In the first paper we aim to answer the question whether high or low productivity firms self-select into locations characterized by high industry establishment density.  On the one hand, productive firms may benefit more from the presence of specialized suppliers in agglomerated areas and they are also more likely to survive heightened product market competition. On the other hand, productive firms face greater risks of knowledge dissipation to collocated rival firms and contribute more than they receive in terms of knowledge spillovers. We analyze data on the location of new plant establishments by multi-plant manufacturing firms in Japan, relating location decisions to firms’ prior productivity in existing plants. Estimating conditional logit models of location choice for close to 3,666 plant location decisions (2002-2008) covering more than 1,000 towns, wards, and cities, we find that the adverse selection effects of industry agglomeration dominate. These effects are substantially stronger if there is no association between establishment density and local competition: if incumbent plants are exporting or if the investing firm or new plant entry focuses on export markets. We conclude that sorting processes do occur, but that these can only be uncovered in a more fine-grained analysis that takes into account ex ante measures of firm heterogeneity and the nature of product markets.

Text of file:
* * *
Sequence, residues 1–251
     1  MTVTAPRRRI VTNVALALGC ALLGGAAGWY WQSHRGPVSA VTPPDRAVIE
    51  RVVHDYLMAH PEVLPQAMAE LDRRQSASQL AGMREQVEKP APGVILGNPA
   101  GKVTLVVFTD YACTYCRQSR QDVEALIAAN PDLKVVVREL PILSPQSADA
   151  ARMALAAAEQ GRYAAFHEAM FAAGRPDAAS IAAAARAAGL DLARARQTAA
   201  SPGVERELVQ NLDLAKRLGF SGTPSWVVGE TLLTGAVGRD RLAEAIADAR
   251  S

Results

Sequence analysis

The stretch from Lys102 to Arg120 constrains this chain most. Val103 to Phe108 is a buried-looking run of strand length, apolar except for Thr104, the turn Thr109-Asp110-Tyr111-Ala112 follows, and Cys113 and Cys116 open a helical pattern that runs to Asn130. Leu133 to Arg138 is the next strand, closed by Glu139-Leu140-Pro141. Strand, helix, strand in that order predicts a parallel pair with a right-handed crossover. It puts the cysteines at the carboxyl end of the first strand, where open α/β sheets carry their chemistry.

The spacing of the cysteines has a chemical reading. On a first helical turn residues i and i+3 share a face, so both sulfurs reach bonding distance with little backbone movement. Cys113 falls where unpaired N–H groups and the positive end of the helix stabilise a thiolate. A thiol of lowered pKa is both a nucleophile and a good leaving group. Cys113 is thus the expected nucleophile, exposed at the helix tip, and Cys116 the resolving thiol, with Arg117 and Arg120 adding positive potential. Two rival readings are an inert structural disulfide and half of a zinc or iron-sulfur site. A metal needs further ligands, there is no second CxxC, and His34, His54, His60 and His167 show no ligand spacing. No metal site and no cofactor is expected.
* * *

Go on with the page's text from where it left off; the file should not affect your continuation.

In the second working paper we focus on buyer—supplier linkages in Japanese manufacturing industries and their role in enhancing R&D spillovers between firms. We examine R&D spillovers that result from buyer and supplier relationships at the transaction level, utilizing a unique dataset identifying individual buyers and suppliers of Japanese manufacturing firms, matched with data from R&D surveys and the Census of Manufactures. In an analysis of more than 20,000 Japanese manufacturing plants, we find that R&D stocks of buyers and suppliers provide a substantial productivity performance premium over and above the effect of technologically and geographically proximate R&D stocks. These effects are magnified if the supplier and buyer have business group ties based on capital ownership relationships. While the effects of technologically proximate R&D decay with distance, this is not the case for spillovers from buyers and suppliers. Our results identify transaction-based spillovers as a key influence on productivity and social returns to R&D.


Project title Effects of Child Cares and Tax System on Household and Woking Behaviors: Evidnece from Japan
Research leader Takeshi Miyazaki(Kyushu University)
Research contributors Kazuyasu Sakamoto(Gunma University), Yoko(Yamamoto) Morita(Nagoya City University), Taro Ohno(Onomichi City University), Yukinobu Kitamura(IER), Chihiro Kinoshita(IER)
We examine the effects of after-school care on female labor supply of those who are bringing up school-aged children. We find that provision of after-school care have the positive effects on female labor supply, especially as regular workers.
Another study attempts to reveal how the redistributive effects of tax rates and deduction s are different among age-groups. It is found that expansion of tax deductions carried out in the late 1980s had effects only on elderly people, but not on young people.